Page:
|Market and Medical Needs|
|The total market potential for alcohol and drug addiction therapies is a multibillion dollar opportunity. In Europe and North America alone, there are an estimated 38 million patients in need of therapy. Alcohol abuse and drug addictions are a major cause of death, acute and chronic pathologies, and are the cause of severe social problems. Progress in neurobiology has demonstrated that addictions are chronic diseases of the brain, similar to other CNS pathologies such as depression or schizophrenia, involving several neuromediators and neuroreceptors in the endorphin, dopamine and other neurotransmitters pathways. Since addictions greatly affect normal brain function and patients’ ability to comply with treatment plans and medical prescriptions, the treatment of these diseases is complicated and requires a combination of pharmacotherapies and psychosocial treatments over months or years, until a patient can recover self-control and decision-making abilities. Of the 38 million patients with addiction problems, 29 million are alcoholics, 6 million are cocaine addicts, and 3 million are opiate addicts. Several million individuals use other drugs such as ecstasy and other amphetamine derivatives and millions of patients are addicted to medications such as soma either by dependence or by misuse.
Importantly, 80% of alcoholics and drug addicts are employed, and thus have access to health care systems through medical coverage. An estimated 15% of patients in need of addiction therapy effectively seek specialized treatment, usually through high volume treatment centers or clinics. This market is immediately reachable by specialty players such as DAS, using a dedicated sales force. Furthermore, an estimated 10% to 15% of the overall general practitioners’ and hospitals’ patient base has an alcohol and/or drug addiction problem in addition to their primary medical condition. As more effective therapies become available, and government health campaigns to fight addictions broaden, DAS expects that a large fraction of this medicalized patient base will seek alcohol and drug addiction therapies. As a result, only a small fraction of the addicted population is, or would remain, out of medical reach in developed countries.
|For many years, psychosocial therapy (including mentor-counseling programs such as Alcoholics Anonymous) constituted the cornerstone of addiction therapies with mediocre effectiveness. A few medications were introduced with variable success.
For alcoholism, aversive therapies such as disulfiram (Antabuse®/Esperal®), triggering severe discomfort when patients drink, resulted in only marginal success due to ethical issues and lack of compliance. Acamprosate (marketed under the brand name Campral®), which modulates the NMDA pathway, has been used for number of years for addiction treatment in Europe. Forest Laboratories. Inc., obtained US FDA approval for Campral® in 2004 (licensed from Merck KGaA) for treating alcohol dependent individuals seeking to continue to remain alcohol-free after they have stopped drinking. Campral® is the first new drug approved in the US for alcohol abuse in a decade.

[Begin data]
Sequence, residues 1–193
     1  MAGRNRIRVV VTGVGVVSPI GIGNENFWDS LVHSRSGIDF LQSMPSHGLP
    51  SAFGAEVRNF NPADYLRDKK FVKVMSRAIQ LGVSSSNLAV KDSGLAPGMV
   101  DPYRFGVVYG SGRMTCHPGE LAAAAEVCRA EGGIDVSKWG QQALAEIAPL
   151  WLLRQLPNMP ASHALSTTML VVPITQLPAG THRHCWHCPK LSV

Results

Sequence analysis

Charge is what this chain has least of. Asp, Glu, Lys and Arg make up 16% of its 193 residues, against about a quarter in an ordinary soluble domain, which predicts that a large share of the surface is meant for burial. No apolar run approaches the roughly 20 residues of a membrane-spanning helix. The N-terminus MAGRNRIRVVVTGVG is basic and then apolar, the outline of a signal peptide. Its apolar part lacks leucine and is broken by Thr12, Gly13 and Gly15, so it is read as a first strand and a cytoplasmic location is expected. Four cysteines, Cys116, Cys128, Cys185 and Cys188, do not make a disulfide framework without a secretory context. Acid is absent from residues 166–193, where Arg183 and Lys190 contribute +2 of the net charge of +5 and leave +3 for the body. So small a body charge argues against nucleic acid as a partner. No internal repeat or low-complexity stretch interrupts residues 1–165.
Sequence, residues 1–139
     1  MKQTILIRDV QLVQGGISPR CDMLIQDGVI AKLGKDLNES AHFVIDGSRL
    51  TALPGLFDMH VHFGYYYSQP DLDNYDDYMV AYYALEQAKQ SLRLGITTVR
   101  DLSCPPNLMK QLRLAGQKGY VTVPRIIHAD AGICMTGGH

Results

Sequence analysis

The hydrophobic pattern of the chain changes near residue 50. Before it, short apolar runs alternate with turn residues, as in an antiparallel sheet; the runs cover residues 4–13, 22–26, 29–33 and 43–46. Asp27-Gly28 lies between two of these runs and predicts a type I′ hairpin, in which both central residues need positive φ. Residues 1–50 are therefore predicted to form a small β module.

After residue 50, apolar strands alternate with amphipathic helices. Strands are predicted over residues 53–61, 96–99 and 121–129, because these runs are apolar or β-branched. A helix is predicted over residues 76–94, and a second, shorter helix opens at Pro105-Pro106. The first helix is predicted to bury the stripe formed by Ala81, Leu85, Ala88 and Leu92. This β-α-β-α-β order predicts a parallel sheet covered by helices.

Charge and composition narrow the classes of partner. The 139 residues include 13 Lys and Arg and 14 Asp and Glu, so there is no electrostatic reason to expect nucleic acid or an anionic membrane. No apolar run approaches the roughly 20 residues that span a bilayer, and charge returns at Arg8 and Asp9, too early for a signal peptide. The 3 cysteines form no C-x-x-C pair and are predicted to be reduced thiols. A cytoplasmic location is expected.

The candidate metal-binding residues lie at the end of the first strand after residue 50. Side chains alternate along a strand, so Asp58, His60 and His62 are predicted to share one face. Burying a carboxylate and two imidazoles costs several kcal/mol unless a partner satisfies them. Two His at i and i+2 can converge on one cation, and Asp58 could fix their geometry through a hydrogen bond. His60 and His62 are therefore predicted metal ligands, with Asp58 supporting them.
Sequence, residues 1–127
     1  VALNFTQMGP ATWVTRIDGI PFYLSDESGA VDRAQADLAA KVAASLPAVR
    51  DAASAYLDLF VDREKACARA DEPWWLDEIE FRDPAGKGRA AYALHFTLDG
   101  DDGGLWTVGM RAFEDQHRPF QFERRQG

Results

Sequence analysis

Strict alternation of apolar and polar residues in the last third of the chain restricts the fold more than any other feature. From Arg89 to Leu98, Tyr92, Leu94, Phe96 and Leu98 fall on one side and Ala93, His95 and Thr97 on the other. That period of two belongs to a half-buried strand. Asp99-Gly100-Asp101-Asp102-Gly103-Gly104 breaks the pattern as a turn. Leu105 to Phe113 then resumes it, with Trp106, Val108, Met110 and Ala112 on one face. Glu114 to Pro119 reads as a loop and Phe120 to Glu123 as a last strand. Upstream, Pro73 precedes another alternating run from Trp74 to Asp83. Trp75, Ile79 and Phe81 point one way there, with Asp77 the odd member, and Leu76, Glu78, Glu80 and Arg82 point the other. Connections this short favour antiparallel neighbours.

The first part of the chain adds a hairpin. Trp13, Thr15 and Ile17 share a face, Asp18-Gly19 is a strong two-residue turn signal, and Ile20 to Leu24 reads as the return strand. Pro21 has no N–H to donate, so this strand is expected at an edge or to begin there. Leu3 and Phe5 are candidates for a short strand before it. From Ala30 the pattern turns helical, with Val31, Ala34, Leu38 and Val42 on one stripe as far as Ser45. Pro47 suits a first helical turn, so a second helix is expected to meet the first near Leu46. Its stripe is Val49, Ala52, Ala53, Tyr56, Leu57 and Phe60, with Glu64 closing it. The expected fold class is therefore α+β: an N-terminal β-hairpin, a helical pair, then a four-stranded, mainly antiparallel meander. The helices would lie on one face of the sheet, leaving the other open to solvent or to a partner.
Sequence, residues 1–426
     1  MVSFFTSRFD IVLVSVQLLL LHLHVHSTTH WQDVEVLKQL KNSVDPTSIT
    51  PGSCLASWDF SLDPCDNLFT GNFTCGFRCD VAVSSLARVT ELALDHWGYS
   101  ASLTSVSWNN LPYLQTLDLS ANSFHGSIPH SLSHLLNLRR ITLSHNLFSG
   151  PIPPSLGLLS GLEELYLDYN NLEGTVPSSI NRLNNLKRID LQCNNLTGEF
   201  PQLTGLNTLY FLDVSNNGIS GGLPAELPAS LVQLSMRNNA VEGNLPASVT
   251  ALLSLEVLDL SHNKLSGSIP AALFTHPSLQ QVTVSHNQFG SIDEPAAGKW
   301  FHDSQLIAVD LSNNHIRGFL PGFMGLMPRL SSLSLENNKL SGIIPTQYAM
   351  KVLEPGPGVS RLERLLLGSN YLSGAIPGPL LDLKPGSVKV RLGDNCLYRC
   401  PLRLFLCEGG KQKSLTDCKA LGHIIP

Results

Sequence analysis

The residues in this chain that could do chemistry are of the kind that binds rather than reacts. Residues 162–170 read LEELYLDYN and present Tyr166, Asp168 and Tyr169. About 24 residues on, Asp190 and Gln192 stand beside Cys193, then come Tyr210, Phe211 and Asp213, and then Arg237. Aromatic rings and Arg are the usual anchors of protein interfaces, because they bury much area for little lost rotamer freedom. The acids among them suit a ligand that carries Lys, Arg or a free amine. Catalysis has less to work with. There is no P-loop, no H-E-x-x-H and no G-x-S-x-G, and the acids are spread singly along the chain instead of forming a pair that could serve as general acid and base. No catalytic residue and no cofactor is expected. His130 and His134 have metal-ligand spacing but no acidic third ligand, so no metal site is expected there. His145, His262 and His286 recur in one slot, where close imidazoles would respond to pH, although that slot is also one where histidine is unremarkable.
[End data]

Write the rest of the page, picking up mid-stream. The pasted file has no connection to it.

Oral naltrexone, which blocks endorphin receptors, is used in Europe and the US both to promote abstinence in alcoholics and to prevent relapse in heroin addicts. Some patients prepare to buy modalert to help with their alcohol withdrawal. However, a major issue for many of these therapies is non-compliance. Despite having shown efficacy in controlled clinical trials, these medications, such as oral naltrexone (Revia®, Nalorex®) which requires daily administration for months, are typically unsuccessful in clinical practice because most patients stop taking their medication.
For substitution therapies in drug addictions, such as methadone and buprenorphine (Subutex®), the problem is excessive use/abuse, because these medications trigger similar highs and euphoria as heroin and other opioid receptor stimulants. The launch of Suboxone® in the US by Reckitt Benckiser formulates buprenorphine with naloxone to guard against misuse. However, the medical community has long awaited depot formulations of these treatments, which would ensure prolonged medication exposure through a single monthly administration and, in the case of buprenorphine, would prevent illicit use. For opiate addicts, substitution therapies consisting of opiate receptor agonists (methadone and then buprenorphine) allowed a sharp reduction in the number of overdoses, hepatitis B and C and HIV infections, while maintaining an opiate addiction condition.
For cocaine, ecstasy and amphetamine addiction, there currently is no pharmacotherapy available.